offered
    Open-end: changes when new shares are
     sold or old shares are redeemed
     Pricing
    Open-end: Net Asset Value(NAV)
    Closed-end: Premium or discount to NAV
                                                 14
Figure 4.1 Closed-End Mutual Funds




                                     15
Figure 4.2 Listing of Mutual
Fund Quotations




                               16
Types of Mutual Funds
Investment policies, styles, management
• Money Market funds
• Bond funds - Taxable
              - Tax-free
              - High-income (junk bonds)
• Stock funds - Aggressive Growth
               - Growth
               - Growth and income
               - Income
• Balanced and income funds
• Specialized sector funds
• Index funds
                                           17
Table 4.1 Classification
of U.S. Mutual Funds




                           18
Trading in Mutual Funds

 NAV (for open ended) and
 Share price (for closed ended) are Quoted Daily

 No margin or short positions
 (not for Exchange Traded Funds or ETF!)

 May have tax disadvantages



                                                   19
How Funds Are Sold

   Directly marketed
   Sales force distributed
   Revenue sharing on sales force distributed
    – Potential conflicts of interest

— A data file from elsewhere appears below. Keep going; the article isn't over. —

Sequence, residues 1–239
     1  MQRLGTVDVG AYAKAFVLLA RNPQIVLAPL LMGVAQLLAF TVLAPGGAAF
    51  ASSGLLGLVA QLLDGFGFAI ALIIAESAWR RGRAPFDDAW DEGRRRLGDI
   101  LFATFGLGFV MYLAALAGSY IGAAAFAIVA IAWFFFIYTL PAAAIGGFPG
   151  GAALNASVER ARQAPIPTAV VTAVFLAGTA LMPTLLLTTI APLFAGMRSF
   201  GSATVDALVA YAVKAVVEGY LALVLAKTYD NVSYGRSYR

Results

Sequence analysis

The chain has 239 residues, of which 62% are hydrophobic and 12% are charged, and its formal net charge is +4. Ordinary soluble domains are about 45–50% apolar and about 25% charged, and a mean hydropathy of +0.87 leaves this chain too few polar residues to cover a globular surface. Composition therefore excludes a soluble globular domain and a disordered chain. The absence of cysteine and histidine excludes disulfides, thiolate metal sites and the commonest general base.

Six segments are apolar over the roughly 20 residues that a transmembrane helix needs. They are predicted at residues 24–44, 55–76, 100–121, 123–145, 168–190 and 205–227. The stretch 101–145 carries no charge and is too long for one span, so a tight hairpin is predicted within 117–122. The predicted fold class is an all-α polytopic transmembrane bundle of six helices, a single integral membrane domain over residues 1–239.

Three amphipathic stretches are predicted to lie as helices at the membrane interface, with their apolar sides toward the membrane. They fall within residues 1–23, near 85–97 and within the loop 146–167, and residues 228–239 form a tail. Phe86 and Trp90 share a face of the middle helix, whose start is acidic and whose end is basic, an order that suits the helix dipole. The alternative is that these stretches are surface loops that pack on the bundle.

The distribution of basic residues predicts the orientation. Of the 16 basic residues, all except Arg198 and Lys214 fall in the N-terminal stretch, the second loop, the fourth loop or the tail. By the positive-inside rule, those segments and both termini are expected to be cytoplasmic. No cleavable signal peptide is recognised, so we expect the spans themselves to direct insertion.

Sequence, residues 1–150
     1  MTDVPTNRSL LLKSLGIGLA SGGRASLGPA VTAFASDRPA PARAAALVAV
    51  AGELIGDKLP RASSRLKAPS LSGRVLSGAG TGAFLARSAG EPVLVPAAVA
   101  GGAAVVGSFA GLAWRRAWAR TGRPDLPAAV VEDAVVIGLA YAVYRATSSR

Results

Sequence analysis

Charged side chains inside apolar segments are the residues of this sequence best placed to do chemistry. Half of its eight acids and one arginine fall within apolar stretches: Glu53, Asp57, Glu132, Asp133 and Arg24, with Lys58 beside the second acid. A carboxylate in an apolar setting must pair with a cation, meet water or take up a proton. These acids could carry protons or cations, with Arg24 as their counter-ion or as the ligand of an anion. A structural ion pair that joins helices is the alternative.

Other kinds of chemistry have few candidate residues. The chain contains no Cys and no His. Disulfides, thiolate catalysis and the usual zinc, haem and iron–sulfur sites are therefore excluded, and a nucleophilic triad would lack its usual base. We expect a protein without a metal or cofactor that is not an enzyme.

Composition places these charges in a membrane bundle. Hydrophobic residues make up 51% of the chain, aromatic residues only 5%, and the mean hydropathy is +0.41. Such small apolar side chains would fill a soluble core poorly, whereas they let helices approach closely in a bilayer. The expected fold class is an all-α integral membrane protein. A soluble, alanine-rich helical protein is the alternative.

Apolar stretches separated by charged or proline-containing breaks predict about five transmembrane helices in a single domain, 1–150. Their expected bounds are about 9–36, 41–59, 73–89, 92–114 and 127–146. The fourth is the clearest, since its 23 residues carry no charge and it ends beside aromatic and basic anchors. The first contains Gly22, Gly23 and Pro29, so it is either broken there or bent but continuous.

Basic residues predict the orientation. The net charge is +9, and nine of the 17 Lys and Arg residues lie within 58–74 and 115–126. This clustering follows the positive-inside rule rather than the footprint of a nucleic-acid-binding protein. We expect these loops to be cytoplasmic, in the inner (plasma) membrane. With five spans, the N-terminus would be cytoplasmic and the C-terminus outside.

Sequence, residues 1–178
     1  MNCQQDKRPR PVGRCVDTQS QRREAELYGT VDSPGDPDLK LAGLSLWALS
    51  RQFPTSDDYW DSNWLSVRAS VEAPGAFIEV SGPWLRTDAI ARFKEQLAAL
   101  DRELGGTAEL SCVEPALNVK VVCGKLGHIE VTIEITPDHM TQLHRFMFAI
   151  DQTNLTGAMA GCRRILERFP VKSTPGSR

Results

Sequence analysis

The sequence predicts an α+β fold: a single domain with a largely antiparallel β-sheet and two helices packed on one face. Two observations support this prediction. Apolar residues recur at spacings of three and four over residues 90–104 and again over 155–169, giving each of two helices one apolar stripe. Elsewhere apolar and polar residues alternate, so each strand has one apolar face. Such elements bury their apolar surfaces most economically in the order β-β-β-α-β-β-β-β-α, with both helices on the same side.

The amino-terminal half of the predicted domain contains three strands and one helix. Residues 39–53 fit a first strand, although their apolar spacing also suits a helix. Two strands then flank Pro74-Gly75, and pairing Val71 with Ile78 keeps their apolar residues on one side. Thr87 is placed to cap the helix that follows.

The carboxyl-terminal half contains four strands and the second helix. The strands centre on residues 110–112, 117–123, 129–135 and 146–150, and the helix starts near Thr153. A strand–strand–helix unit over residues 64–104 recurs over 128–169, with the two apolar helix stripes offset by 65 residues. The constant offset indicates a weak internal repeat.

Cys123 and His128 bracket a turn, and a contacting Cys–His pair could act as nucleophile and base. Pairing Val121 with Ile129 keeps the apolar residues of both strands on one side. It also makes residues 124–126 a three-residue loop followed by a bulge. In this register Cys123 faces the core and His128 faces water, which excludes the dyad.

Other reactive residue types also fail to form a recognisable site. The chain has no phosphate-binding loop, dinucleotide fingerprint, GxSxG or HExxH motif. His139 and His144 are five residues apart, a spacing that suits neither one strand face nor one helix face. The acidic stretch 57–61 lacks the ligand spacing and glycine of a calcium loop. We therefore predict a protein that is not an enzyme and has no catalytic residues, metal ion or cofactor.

   Financial supermarkets



                                                 20
Potential Conflicts of
Interest - Revenue Sharing

    Brokers put investors in funds that may that
     may not be the most appropriate
    Mutual funds could direct trading to higher
     cost brokers
    Revenue sharing is not illegal but it must be
     disclosed to the investor


                                                     21
Investment Companies in HK and China

    HK:
     – the number of retail funds offered to the public has grown from 783
       at the end of 1989 to 1,980 in 2007. In value terms, the size of retail
       funds has grown 22 times, from HKD283 B to HKD6,154 B
     – including exchange-traded funds, index funds, guaranteed funds and
       hedge funds
     – Can invest in China through QFII

    China:
     – Industry size RMB3.2T (including HF and PE)
     – In June 2007, the CSRC announced that QDII fund management
       companies and securities firms are allowed to invest in overseas
     – Allow foreign investors since joining WTO
                                                                                 22
             HK Funds (in US$ million)

             Bond      Equity                    Money                                       Guaranteed    Hedge               Other
As at end   債券基        股票基      Diversified      Market Fund of Funds    Warrant Index*              **    對沖基        Specialised***      Total
截至              金          金    多元化基金         貨幣市場基金      基金的基金          權證基金 指數基金*          保證基金**           金      其他特別基金***             總值
12/1997     12,718    100,503        9,586        7,078           591        277    n.a.            n.a.     n.a.               1,629   132,383

12/1998      28,891   124,840       14,266         12,676        1,036      306       n.a.          n.a.      n.a.              1,078   183,092

12/1999      31,383   226,861       26,296         11,193        1,227      419       n.a.          n.a.      n.a.              1,501   298,879